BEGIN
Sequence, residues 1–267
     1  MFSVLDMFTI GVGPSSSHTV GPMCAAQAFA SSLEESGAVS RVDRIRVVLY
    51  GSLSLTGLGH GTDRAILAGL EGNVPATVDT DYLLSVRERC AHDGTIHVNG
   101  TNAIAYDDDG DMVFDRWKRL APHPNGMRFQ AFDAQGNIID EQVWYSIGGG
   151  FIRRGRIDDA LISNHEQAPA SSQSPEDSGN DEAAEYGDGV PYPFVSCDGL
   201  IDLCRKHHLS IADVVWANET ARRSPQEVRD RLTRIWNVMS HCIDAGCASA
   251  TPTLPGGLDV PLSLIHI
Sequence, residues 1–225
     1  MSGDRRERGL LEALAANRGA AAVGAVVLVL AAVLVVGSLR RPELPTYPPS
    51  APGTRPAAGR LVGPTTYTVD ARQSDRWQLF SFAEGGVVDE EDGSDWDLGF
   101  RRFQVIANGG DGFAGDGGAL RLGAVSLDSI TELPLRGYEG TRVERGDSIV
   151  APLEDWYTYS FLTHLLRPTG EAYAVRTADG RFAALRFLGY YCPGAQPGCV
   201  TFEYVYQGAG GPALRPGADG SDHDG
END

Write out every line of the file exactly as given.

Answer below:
Sequence, residues 1–267
     1  MFSVLDMFTI GVGPSSSHTV GPMCAAQAFA SSLEESGAVS RVDRIRVVLY
    51  GSLSLTGLGH GTDRAILAGL EGNVPATVDT DYLLSVRERC AHDGTIHVNG
   101  TNAIAYDDDG DMVFDRWKRL APHPNGMRFQ AFDAQGNIID EQVWYSIGGG
   151  FIRRGRIDDA LISNHEQAPA SSQSPEDSGN DEAAEYGDGV PYPFVSCDGL
   201  IDLCRKHHLS IADVVWANET ARRSPQEVRD RLTRIWNVMS HCIDAGCASA
   251  TPTLPGGLDV PLSLIHI
Sequence, residues 1–225
     1  MSGDRRERGL LEALAANRGA AAVGAVVLVL AAVLVVGSLR RPELPTYPPS
    51  APGTRPAAGR LVGPTTYTVD ARQSDRWQLF SFAEGGVVDE EDGSDWDLGF
   101  RRFQVIANGG DGFAGDGGAL RLGAVSLDSI TELPLRGYEG TRVERGDSIV
   151  APLEDWYTYS FLTHLLRPTG EAYAVRTADG RFAALRFLGY YCPGAQPGCV
   201  TFEYVYQGAG GPALRPGADG SDHDG